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Community Impact and Collaboration


Tuesday, 7th May 2013 at 11:53 am
Staff Reporter
United Way Australia -along with the Centre for Social Impact’s Director Andrew Young -recently launched its first Community Impact Report to representatives of the corporate, trust and foundations, government and community sectors. United Way’s Community Impact Manager, Jenny Riley offers her take-outs from the event.

Tuesday, 7th May 2013
at 11:53 am
Staff Reporter


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Community Impact and Collaboration
Tuesday, 7th May 2013 at 11:53 am

United Way Australia -along with the Centre for Social Impact’s Director Andrew Young -recently launched its first Community Impact Report : ‘Collaborating for change: Our Journey so far’ to representatives of the corporate, trust and foundations, government and community sectors. United Way’s Community Impact Manager, Jenny Riley offers her take-outs from the event.
 

“In the last 20 years as a country we haven’t made anywhere near enough progress in resolving a wide range of sustained social issues. With the challenges we face in the coming decades, we have to start a cultural shift right now – we must be far more targeted with defining our intended outcomes, measuring and reporting progress, and being more open about what we are achieving and what we could do better. We congratulate United Way for taking the first steps on the journey of reporting lessons learnt”. Andrew Young, Centre for Social Impact.

After a brief presentation from United Way’s Community Impact Manager of the motivations behind the report and the key lessons learnt from the community impact measurement journey, Andrew Young, asked the participants to engage in answering three questions related to collaboration, learning and measurement. A summary of the responses are provided here:

1. What has worked in collaboration projects?

The key themes emerging from the group included the importance of early planning in the collaboration, stakeholder engagement and a clear, focused common agenda.

Specifically:
– Consistent representation of decision makers
– Defining ‘what success looks like’ early
– Doing fewer things better with depth.
– Patience and listening to the diverse needs and aspirations of the collective, and
– An exit strategy and appropriate timelines.

Some of the good examples of collaboration included the 90 Homes for 90 Lives imitative, ABC Learning Centers and the Bendigo Well-being and Children report. Nous Victoria Project with 13 NFP to benchmark the performance of their back-of-house functions.

2. What do you think about the approach to documenting learning?

The approach to learning was seen as a positive move forward for the social sector to improve practice, especially to innovate, identify who else needs to be at the table and identify what is sustainable/scalable and successful i.e. as demonstrated by The Young Foundation.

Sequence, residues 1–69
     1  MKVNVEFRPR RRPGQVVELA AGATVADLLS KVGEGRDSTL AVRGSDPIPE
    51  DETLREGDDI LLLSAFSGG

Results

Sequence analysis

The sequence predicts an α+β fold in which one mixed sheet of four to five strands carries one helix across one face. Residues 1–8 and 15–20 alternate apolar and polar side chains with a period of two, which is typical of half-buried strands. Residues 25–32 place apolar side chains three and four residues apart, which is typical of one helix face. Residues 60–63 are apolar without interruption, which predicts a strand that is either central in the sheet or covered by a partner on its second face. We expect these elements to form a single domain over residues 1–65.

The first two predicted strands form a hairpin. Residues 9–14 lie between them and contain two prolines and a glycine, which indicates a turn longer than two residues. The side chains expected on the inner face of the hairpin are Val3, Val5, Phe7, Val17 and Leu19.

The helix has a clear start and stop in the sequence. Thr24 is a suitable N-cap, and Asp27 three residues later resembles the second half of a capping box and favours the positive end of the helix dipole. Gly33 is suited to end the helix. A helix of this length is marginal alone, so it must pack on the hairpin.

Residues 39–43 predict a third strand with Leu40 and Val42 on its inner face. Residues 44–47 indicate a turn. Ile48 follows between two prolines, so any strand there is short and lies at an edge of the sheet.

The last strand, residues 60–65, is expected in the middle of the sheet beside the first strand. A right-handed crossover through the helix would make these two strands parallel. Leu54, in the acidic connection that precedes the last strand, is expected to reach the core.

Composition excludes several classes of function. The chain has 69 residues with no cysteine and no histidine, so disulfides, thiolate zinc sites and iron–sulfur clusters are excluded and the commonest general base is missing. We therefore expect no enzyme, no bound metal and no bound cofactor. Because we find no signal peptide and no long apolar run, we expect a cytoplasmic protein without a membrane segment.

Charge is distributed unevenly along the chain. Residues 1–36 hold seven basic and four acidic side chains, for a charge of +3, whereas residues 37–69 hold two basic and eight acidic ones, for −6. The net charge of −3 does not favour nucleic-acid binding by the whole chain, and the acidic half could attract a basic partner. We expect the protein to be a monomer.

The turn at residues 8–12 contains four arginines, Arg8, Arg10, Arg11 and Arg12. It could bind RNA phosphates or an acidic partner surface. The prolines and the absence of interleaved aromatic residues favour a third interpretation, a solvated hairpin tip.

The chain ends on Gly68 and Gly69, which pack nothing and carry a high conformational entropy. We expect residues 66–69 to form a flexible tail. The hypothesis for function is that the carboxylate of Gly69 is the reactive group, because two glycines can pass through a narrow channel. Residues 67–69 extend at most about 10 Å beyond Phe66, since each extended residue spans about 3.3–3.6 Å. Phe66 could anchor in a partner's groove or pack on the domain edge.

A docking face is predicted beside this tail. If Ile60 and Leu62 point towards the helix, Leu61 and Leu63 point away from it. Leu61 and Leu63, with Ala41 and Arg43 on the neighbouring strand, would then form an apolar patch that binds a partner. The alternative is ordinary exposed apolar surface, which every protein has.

However, documenting learning is not without risks in our current operating environment. In the competitive environment of tenders and grants, grantees want to share success rather than failure and are concerned of putting up their hand ‘and being cut down’. This fear of sharing lessons learnt publically is flat-lining progress for the sector. One participant reflected that annual reports are more about marketing than actual reporting.

It was proposed that grantees need support to learn and fail rather than be placed in a position where they overpromise and under-deliver on grants. There was a call for the sector to engage critical friends and action learning approaches.

Good examples of documenting learning included the Telstra Foundation Report and Freehills undertaking end of case reviews – what worked, what didn’t.

3. How can we improve our thinking about/reporting of outcomes?

Two themes emerged in how we can improve reporting of outcomes. Firstly was the design and secondly was at an institutional/sector level.

Some of the design considerations for initiatives/programs/collaborations included:

  • Having a clear end goal
  • Understanding the outcomes required to achieve the intended impact.
  • Being selective and clear on the purpose of measuring the outcomes
  • Having control groups or some way to understand the counter-factual.
  • Including hard and soft outcomes as well as short-term versus long-term outcomes.
  • At an institutional level
  • There was a call for setting benchmarks for good outcomes in the sector
  • Being fair and realistic about possible outcomes given the available funding and other resources
  • Having processes for continuous tracking and linking activities back to outcomes for focus
  • The importance of linking not just organizational KPSs to outcomes but also staff KPIs to outcomes
  • Understanding the funder-grantee outcome relationship i.e. funders can tend to rely on their NGO partners outcomes rather than their own outcomes.

The honest and frank discussion by the group in the room was a breath of fresh air for many of the participants who reported to feeling connected and inspired. It was a reminder that we need continually put our heads up and ask what are we doing, why we are doing it, are we achieving what we set out to achieve and could we be doing it better?

To view United Way’s first Community Impact Report click here.
 



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